Editor’s note: This article is an excerpt from a chapter in the newly released book The Comprehensive Guide to Science and Faith: Exploring the Ultimate Questions About Life and the Cosmos.
If by science we mean modern science (not medieval or ancient science), and if by faith we mean classic, orthodox Christian faith (not, say, gnostic varieties of Christianity or other faiths entirely, such as Jainism or Islam), then science and faith are obviously compatible. After all, since the rise of modern science to the present day, many top scientists have been orthodox in their Christian theology, seeing no contradiction between their faith and their scientific work. Indeed, those most closely associated with the rise of modern science were overwhelmingly Christian.
Atheists might counter that if Christian scientists really understood the full implications of science, they would see that their Christian faith is, in the end, unsustainable. But such accusations, on closer analysis, always ring hollow and display special pleading, trying to make obviously bright and reflective scientists of faith seem like idiot savants who happen to be really good at their science but really bad at thinking through its implications, especially for their faith.
Sketchy Evidence for Evolution
As a case in point, while lecturing at the University of Toronto some years back, I encountered a biologist in the audience who claimed that evolution made it impossible to be a scientist of faith. Many scientists who are Christians believe in evolution. I’m not one of them, thinking the evidence for evolution to be sketchy at best. But it needs to be noted that many scientists hold to classic Christian orthodoxy (i.e., the incarnation of God in the person of Jesus, his bodily resurrection and ascension, etc.) and are also evolutionists — some even of a Darwinian stripe, seeing God as creating through an evolutionary process that gives no evidence of design. Of course, their interpretation of Scripture will be suspect to those who see Genesis as teaching that creation occurred a mere 6,000 years ago in six literal 24-hour days.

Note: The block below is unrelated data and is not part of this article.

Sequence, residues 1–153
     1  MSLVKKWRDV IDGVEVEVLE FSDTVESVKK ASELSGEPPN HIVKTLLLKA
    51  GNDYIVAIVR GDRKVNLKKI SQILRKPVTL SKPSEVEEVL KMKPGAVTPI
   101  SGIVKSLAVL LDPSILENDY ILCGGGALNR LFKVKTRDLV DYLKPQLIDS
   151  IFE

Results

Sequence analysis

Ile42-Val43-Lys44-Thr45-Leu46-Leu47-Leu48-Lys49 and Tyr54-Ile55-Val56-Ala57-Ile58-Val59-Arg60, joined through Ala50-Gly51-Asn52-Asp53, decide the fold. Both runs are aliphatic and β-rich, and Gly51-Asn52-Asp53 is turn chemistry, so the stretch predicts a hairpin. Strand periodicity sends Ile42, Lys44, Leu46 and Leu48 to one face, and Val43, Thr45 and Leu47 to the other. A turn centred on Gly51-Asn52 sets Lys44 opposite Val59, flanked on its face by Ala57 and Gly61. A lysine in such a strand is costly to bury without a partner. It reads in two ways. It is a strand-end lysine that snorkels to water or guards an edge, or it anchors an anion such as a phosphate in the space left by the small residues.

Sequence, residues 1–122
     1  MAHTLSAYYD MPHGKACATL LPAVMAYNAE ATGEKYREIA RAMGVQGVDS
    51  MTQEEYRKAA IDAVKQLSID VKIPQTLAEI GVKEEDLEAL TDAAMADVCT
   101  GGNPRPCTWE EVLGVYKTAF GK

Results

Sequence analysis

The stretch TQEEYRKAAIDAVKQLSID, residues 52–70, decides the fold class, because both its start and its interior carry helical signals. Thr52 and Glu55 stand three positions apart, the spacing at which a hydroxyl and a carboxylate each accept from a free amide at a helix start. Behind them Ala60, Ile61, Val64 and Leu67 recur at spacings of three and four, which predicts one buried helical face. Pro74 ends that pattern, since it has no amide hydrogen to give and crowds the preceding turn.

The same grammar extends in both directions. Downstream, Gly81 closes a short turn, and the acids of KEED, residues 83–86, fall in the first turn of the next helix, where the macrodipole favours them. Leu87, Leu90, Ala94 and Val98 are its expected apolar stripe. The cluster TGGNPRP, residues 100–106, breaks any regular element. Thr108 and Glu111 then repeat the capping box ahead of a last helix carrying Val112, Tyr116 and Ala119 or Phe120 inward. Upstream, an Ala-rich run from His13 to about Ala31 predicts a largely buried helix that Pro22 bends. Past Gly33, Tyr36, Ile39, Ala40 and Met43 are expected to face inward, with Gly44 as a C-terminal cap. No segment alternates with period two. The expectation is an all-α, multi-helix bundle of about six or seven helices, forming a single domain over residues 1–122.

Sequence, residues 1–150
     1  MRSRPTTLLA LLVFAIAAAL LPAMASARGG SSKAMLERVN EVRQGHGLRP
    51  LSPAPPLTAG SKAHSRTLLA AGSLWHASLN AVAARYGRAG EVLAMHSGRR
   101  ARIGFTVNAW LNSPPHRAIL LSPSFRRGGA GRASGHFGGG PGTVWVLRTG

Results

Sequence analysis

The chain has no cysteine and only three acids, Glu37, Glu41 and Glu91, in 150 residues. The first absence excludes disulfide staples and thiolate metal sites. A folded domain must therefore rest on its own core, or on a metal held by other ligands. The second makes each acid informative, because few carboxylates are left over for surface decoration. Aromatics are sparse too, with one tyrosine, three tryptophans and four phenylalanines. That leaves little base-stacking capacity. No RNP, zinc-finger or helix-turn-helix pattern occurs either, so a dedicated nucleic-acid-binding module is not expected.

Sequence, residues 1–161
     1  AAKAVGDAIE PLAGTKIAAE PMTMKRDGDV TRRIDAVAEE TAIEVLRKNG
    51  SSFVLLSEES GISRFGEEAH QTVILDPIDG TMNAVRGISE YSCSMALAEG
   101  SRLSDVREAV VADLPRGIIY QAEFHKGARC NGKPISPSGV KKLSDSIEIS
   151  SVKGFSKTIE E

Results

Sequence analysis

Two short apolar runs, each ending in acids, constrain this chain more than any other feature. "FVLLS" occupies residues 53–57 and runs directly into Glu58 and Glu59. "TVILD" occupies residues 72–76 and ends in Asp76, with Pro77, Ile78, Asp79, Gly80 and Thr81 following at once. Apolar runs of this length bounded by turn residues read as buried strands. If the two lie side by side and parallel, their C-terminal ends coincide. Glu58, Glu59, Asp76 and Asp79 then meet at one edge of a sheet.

If you think that a literalist interpretation of Genesis is crucial to being a Christian, then you’ll deny that evolutionary science and Christianity are compatible. But that seems to be asking too much for the compatibility of science and faith. The more things you are required to believe, whether on the side of science or on the side of the faith, the more incompatible you make the two. My own view, and the one I’m recommending in this chapter, is to take a minimalist approach to science and to faith. Don’t make embracing science require holding on to too many controversial and suspect scientific views, and likewise, don’t make faith major in minors, forgetting Christ, who purchased us with his blood.
My Personal Experience
In any case, sociology confirms that top scientists have also been orthodox Christians. Indeed, it’s a matter of record that the society of scientists and the society of orthodox Christians intersect in a nonempty set. Certainly, we should be concerned about the compatibility of science and faith if no such people residing in both groups existed. As it is, I’ve personally engaged with not one but two Nobel laureates who were reasonably orthodox in their Christian faith (William Phillips at a conference in 1997, and Richard Smalley for lunch in Houston shortly before his death in 2005). So, I can attest from personal experience that such people exist.
Even so, it’s always good to look deeper than sociology. What is modern science, and what is orthodox Christian faith, and are they the types of things that do well together, as with things that are genuinely compatible? Is the relationship between science and faith like a happy marriage, in which the spouses mutually support and reinforce each other and reside in wedded bliss? Or is it more like an uneasy marriage in which the spouses would just as soon be rid of each other? I personally think that modern science and orthodox Christian faith can reside in something like wedded bliss provided they are properly conceived.